Brandon Silva was born, raised and nurtured in Houston. He currently lives in the Texas city, having diverted briefly through Denmark, and is the co-owner and executive chef of the restaurant Degust (distilled from “degustation.”) The exquisite Mexican/Spanish establishment has a Scandinavian feel with distinct Japanese influences.
Degust is small and, with room for 20 diners, intentionally and unavoidably intimate. The servings are visual art: small portions of delicious and immaculate preparations on beautiful clay plates.
“I don’t have that cliché chef story of growing up as a kid in restaurants my parents owned. Nor did I spend time watching my grandmother or mother cook and was always helping. I was always playing outside,” Silva tells me. “Long story short I got into cooking because of a girl. My mother always told me a way to a woman’s heart was food.”
He served his apprenticeships around Houston and gained further invaluable experience, and obviously inspiration, in Denmark, in the kitchens of some extraordinary restaurants, including Noma.
“I learned a lot when I was in Denmark,” he says. “Especially the importance of sustainability and waste in the kitchen.” (Degust proudly claims to be a “no-waste” restaurant.)
I asked him how growing up with Texas cuisine, or just in Texas, influenced his cooking.
“In Texas, everything is big. I mean we are the Lone Star State after all. We do things with big, bold flavors and with some heat. Especially being of Mexican and Spanish descent that approach has had a big impact on me.”
He says he’s inspired by acclaimed chefs José Andrés, Bo Bech and David Kinch
What was your favorite ever moment as a chef?
“When I left Copenhagen and came home revitalized. Before that time, I was in a very dark place. I was burnt out and wasn’t sure if I wanted to continue on with cooking. My time in Copenhagen changed all that for me and made me fall back in love with cooking.”
What constitutes the perfect day in the kitchen? “A perfect day in the kitchen to me is being around my staff and just smiling, having fun, the music is on in the background and we are all in sync getting ready for service.”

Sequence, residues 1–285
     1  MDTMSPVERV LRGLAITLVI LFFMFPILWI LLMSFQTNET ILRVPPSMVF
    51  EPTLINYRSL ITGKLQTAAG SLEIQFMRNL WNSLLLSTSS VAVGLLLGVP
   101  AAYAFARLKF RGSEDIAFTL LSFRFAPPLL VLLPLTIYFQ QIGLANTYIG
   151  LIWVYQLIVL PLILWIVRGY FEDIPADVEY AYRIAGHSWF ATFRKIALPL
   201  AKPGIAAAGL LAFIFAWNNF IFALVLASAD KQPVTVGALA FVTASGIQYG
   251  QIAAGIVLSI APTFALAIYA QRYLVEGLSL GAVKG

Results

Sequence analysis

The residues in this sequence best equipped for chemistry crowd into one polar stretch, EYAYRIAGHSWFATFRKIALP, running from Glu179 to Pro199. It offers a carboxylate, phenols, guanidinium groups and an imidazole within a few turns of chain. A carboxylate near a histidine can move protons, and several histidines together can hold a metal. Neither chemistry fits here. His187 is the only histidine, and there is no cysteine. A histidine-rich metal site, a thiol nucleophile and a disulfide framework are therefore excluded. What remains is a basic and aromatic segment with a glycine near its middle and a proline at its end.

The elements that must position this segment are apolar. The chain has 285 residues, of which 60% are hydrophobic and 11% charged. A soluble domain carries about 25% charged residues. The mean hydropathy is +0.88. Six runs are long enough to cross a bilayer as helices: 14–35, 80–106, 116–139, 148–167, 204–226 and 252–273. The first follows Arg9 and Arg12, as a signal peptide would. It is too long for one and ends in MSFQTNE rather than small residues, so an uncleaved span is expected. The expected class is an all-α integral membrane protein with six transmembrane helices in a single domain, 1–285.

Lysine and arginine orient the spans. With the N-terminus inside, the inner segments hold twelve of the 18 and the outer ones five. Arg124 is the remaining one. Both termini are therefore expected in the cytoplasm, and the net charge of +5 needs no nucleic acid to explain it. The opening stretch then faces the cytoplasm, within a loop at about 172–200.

These are his five favorite meals.
Growing up in a household of Mexican and Spanish descent, my grandmother would always make fresh flour or corn tortillas, while making carne guisada. My mother adapted her recipe and that dish served with fresh tortillas and Mexican rice and beans, was always a treat for our household. Now, that I am a husband and father, I have also adapted to making this recipe. It always brings a smile to my face and it definitely is a showstopper every time I get a chance to make it for my family or some friends.
I remember being in Tulum, Mexico, for the Noma pop-up dinner they were having. Don’t get me wrong that dinner was pretty spectacular. Each dish that was prepared and served was impeccable. But it wasn’t the dinner that made the night special. It was actually after dinner in Tulum’s downtown square where I had an all-time life changing dish. Even on a Sunday night the downtown square was alive with street vendors and people just walking around, eating, selling merchandise and just having a great time. As I was walking around the street vendors, one caught my nose. I smelled this amazing smoky aroma coming out of one the stalls. It reminded me of Texas BBQ. Then I noticed the long line. I remember telling myself, okay, I need to go check this out. Then I noticed as I got closer the sign read: “Smoked Barbacoa Pozole.” Bam! I was like, holy cow, this is amazing. Don’t get me wrong. I have eaten tons of pozole and menudo. But this was life changing. I will never forget that dish.